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Are your devices covered in dust, fingerprints, and smudges? It’s tempting to spray and wipe them down during your next cleaning sprint. Hold on! You may accidentally scratch your LCD, damage your touchscreen, or cause a short circuit.
So what’s the proper way to clean a dirty screen? The advice you find when turning to manufacturers for cleaning instructions is littered with warnings, and worse, some recommendations may even be conflicting. We shall focus on what you should do and why.
What You Need
You really only need one thing; a good microfiber cloth. The rest is optional. Here’s a list:
optional: lukewarm water
optional: spray bottle
optional: dishwashing soap
Why Should I Use A Microfiber Cloth?
For a flawless result, we recommend using a microfiber cloth because they are lint-free and won’t damage your screen. You can easily get a pack of six microfiber clothes from Amazon for under $9. Non-microfiber cleaning cloths, paper towels, or other fabrics (yes, I’m referring to your shirt) may leave traces like streaks, lint, and micro-scratches. If you don’t have a household microfiber handy, a cleaning cloth for glasses will do, too.
I Can Use A Dry Cloth?
Yes! The fabric is designed to work like a dust and dirt magnet, so you can easily remove dust and light stains with a dry microfiber cloth.
A damp cloth might help getting some more persistent smudges off. This is where the spray bottle comes in. Use it to dampen the cloth (not the display!) by covering it in a mist of lukewarm water.
If you’re dealing with displays covered in greasy stains, you can add a drop of liquid dishwashing detergent to the lukewarm water. While a damp cloth can remove the grease by itself, the soap will help with dissolving and thus loosening any grease on the surface.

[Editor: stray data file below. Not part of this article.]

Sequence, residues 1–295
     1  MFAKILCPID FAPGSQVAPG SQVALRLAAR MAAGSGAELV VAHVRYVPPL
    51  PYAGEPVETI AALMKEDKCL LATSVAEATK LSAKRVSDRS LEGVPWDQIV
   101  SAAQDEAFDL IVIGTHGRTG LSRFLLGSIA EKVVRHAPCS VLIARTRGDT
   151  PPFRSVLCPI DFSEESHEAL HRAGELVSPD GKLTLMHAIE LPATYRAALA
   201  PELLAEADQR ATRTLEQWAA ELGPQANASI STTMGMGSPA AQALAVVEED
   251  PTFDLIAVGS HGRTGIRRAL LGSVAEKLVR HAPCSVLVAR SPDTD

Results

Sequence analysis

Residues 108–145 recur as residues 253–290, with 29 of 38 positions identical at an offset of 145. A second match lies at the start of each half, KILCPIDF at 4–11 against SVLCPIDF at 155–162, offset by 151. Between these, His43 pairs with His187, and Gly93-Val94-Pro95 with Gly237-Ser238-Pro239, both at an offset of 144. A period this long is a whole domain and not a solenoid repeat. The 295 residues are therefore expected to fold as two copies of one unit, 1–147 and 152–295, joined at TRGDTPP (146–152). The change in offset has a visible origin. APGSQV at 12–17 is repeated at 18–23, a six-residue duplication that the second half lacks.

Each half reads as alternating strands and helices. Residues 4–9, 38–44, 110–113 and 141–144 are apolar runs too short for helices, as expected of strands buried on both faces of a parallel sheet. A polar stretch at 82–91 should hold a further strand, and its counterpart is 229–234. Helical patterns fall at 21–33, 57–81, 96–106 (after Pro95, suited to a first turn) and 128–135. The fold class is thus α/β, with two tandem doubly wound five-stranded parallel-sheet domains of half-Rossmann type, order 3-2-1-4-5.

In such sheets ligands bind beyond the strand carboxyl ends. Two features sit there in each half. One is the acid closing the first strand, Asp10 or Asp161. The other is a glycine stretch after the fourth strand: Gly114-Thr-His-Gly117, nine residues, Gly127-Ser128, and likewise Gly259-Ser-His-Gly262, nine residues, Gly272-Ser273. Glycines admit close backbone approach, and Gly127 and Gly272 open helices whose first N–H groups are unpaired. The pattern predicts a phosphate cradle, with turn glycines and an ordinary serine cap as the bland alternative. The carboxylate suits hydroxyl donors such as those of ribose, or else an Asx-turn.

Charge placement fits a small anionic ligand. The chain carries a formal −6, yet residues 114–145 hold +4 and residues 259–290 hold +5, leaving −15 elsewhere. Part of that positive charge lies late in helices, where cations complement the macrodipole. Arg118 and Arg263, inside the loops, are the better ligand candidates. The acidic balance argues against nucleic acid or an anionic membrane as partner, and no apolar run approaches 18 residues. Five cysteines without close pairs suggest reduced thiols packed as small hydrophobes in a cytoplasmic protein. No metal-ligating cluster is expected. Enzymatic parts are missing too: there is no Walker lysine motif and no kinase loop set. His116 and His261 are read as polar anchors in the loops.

Why Should The Water Be Lukewarm?
Physics. Warm water has more heat and therefore higher kinetic energy than cold water. This energy is transferred to anything that comes in contact with the water, meaning it will dissolve dirt or soap faster. If the water is too hot, however, it could damage plastics, which is why we recommend lukewarm water.
What You Should Never Ever Do
Simply put, you should not use anything other than what’s recommended above and you should use common sense. More precisely:
- Never use household cleaners or anything that contains harsh chemicals like ammonia, acetone, toluene, or ethyl alcohol. These chemicals can damage the surface of laptop or LCD displays not made of glass.
- Never use abrasive fabrics, including paper towels. They can leave micro scratches on cleaned surfaces, which will build up over time, causing dull screens.
- Never spray or otherwise apply water directly to your displays. It could leak into the device and damage electronic parts.
How To Clean Your Monitors, TV & Touchscreen Displays
We recommend that you turn off the device before you start.
Assuming your display is only lightly covered in dust and fingerprints, we recommend using a dry microfiber cloth. Start in the top and gently wipe the screen from one side to the other and back, slowly moving down until you have wiped the entire surface. Lightly rub any remaining spots until they’re clean and wipe the screen down one more time.
If your display is slightly more dirty, dampen one end of the cloth by spraying it with lukewarm water. To take off the bulk of the crud, carefully wipe down the entire surface in small circles using the damp end. Gently rub remaining spots until they’re gone. Should you struggle with removing grime using a damp cloth, add some soap to the lukewarm water before spraying the cloth again. Pre-treat stains individually before giving the entire screen a thorough cleaning. Finish by wiping the screen down one last time from one side to the other and top to bottom with the dry end of the cloth.
What Else Needs Cleaning?
Don’t forget to clean your microfiber cloth after you’ve used it! Soak it in warm, soapy water, thoroughly rinse it out, and let it air dry.
By the way, The Wall Street Journal tested cleaning products and found that when it came to cleaning screens, water and a microfiber cloth were just as effective as dedicated kits. For taking off gunk and stains from keyboards and touchpads, however, they did recommend the tested cleaning products.
So while you’re at it, why don’t you clean the rest of your hardware? What item will be your biggest challenge? And when was the last time you cleaned your windows?
Image Credits: Feature Image by IntelFreePress via Flickr, Glasses by mayeesherr via Flickr, Microfiber Cloth by Steve A. Johnson via Flickr, Scratched Glass by borealnz via Flickr, Clean Screening by IntelFreePress via Flickr